It took me a while to learn how to get the stove to draft properly because it does seem to act a little differently than a conventional stove. It works well, just different. I now start the fire with something that will burn very hot and fast. That gets the air moving through the stove in the right direction and I can then start adding more wood. I have also found that wind makes a difference. A breeze seems to help keep the stove drafting well, but on calm days it is a bit more difficult to keep slower burning wood going. Fortunately out here on the North Dakota prairie a lack of wind is seldom an issue.

          With a good piece of ash or boxelder I can keep a slow fire burning over night. I am sure other hard woods will work too. This fall I plan to try using coal. I'd give it a try now but no one in the area is selling coal this time of year and I don't feel like making a trip to the mine. I have a wood stove in the house (an older Buck Stove) and I have been using coal in that for years. It works very well for a slow overnight fire.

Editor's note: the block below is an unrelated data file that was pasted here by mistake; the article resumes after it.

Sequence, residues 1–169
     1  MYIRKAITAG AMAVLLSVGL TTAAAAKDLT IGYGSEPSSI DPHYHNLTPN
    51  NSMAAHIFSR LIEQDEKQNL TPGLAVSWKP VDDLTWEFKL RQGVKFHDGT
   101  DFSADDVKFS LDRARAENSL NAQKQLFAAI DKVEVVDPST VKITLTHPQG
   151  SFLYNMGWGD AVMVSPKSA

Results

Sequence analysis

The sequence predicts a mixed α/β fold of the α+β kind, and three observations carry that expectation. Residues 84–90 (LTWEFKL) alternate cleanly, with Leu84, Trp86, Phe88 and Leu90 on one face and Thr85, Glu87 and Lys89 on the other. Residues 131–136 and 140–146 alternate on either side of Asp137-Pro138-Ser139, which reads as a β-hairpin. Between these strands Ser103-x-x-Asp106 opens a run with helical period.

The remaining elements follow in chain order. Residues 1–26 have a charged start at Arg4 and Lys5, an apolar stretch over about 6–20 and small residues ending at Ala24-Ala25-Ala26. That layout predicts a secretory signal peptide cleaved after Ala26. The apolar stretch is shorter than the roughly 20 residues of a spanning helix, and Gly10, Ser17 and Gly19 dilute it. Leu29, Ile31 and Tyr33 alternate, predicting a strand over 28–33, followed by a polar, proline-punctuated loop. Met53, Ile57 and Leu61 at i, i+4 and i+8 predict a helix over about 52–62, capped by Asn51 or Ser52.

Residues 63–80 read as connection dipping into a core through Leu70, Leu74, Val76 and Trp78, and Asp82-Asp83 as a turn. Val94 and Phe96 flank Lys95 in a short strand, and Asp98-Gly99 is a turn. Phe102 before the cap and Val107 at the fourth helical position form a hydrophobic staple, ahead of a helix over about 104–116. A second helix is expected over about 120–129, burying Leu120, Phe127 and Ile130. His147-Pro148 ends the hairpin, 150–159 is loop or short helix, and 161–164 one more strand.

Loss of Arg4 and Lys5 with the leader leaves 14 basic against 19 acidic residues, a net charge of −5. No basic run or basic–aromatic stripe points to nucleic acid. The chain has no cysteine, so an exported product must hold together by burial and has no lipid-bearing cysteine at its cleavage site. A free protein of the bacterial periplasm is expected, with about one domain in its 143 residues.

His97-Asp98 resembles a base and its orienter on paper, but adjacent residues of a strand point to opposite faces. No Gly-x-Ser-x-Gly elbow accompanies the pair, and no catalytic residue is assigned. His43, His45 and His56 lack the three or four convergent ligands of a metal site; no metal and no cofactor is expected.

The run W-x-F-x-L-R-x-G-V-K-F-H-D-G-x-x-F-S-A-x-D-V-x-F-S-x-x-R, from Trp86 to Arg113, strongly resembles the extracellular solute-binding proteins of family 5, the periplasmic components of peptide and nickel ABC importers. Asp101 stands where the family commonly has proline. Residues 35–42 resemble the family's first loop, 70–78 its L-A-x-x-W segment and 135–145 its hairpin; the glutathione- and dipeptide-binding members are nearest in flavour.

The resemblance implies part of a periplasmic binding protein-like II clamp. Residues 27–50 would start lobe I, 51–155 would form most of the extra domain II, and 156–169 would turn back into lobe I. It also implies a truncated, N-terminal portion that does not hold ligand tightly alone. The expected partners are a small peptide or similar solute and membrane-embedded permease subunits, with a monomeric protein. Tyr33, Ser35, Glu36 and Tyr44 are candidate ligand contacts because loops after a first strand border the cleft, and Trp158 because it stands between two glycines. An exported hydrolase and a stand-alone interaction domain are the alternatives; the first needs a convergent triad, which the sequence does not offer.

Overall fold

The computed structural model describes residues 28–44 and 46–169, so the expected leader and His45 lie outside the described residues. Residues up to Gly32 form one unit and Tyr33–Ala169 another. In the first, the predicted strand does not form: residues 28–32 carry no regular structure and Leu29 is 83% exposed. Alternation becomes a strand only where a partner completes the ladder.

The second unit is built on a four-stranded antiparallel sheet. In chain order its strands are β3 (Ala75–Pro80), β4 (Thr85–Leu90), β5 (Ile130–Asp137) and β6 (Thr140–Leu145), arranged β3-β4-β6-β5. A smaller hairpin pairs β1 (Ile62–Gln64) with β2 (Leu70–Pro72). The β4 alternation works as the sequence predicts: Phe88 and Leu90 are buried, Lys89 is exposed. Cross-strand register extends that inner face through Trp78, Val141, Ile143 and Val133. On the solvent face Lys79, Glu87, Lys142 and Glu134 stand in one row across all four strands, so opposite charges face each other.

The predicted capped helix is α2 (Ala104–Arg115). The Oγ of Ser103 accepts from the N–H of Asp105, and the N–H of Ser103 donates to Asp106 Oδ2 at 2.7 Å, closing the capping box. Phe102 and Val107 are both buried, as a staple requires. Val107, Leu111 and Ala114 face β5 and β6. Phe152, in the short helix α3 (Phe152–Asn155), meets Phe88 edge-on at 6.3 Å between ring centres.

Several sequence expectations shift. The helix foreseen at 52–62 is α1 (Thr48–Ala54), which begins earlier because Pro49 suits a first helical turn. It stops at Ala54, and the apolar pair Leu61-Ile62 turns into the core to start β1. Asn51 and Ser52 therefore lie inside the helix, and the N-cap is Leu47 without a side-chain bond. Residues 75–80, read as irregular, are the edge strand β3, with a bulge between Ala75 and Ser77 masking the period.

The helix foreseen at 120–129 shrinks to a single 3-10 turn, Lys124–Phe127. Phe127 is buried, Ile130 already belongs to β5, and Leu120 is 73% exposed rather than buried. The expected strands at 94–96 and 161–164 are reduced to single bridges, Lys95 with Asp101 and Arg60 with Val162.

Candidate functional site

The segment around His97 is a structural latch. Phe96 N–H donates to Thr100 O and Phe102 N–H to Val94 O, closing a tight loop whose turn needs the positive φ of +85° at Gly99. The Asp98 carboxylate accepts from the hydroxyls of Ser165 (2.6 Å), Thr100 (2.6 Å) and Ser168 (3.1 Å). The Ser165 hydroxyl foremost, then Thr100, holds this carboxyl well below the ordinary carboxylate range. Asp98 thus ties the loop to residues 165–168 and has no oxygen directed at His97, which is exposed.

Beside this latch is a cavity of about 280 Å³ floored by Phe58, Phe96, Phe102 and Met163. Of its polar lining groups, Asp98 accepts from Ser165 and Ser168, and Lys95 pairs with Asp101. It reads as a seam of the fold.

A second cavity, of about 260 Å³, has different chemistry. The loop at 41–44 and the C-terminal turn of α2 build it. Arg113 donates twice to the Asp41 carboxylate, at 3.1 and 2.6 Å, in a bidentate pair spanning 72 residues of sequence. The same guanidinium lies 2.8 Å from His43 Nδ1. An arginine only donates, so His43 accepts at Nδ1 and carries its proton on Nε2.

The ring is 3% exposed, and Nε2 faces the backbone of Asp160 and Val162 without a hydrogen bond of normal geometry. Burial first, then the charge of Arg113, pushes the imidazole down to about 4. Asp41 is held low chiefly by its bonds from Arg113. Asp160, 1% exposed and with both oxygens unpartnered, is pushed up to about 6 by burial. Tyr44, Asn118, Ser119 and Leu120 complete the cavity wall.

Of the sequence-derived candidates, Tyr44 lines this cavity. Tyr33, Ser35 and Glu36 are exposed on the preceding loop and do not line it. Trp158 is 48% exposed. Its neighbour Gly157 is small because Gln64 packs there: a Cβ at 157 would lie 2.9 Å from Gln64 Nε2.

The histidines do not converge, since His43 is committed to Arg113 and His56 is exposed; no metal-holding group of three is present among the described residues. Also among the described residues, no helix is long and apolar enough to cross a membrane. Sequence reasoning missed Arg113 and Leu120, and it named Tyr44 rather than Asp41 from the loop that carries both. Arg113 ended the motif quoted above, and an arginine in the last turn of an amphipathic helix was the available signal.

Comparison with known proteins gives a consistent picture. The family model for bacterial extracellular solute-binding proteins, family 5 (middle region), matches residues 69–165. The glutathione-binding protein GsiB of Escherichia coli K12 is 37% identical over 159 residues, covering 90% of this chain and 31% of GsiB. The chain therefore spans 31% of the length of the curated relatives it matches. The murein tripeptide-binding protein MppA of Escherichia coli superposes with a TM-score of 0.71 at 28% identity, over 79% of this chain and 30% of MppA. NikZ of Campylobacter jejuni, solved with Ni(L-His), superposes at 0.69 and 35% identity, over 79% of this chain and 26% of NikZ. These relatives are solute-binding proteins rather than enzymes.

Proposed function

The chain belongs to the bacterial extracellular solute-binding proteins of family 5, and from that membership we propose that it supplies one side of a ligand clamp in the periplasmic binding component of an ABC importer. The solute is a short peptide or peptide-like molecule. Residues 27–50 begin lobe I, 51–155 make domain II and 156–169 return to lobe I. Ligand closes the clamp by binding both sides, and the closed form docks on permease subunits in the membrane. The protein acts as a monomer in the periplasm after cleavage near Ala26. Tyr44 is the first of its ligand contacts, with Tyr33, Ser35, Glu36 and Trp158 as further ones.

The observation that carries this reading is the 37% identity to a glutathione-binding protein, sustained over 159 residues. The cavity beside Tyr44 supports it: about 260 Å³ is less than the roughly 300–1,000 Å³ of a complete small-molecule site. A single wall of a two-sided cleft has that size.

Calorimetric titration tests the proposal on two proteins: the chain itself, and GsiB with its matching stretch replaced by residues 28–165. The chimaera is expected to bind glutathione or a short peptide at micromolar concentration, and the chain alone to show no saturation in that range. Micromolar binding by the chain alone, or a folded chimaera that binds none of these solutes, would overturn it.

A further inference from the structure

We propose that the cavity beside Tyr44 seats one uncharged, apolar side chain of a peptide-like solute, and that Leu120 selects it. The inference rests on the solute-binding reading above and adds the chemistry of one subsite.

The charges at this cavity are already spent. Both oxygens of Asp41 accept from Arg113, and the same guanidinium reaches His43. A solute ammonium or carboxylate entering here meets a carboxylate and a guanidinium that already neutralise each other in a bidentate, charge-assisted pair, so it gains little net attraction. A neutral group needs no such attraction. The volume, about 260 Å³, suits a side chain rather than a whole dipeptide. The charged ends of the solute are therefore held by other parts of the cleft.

• #6
            Quick start up next day

            I took a piece of foam insulation, I think that it was 1/2 inch thick, and cut it to fit in the tub, forward of the fence, in two pieces. I sealed the edges with a clear tape like shipping tape.
            After I soak, I'll cover the water by floating the foam on it. The two pieces make it easy to put them in and take them out. Then I may also add a log or two to the fire box. The wooden cover on top of that, and that water will almost be soaking temperature the next day too. That wooden tub is a good insulator, and that foam does a good job on top.
            A few new logs in the firebox and I'm ready to hottub. That foam helps the tub heat faster initually too.


            • #7
              Heat up time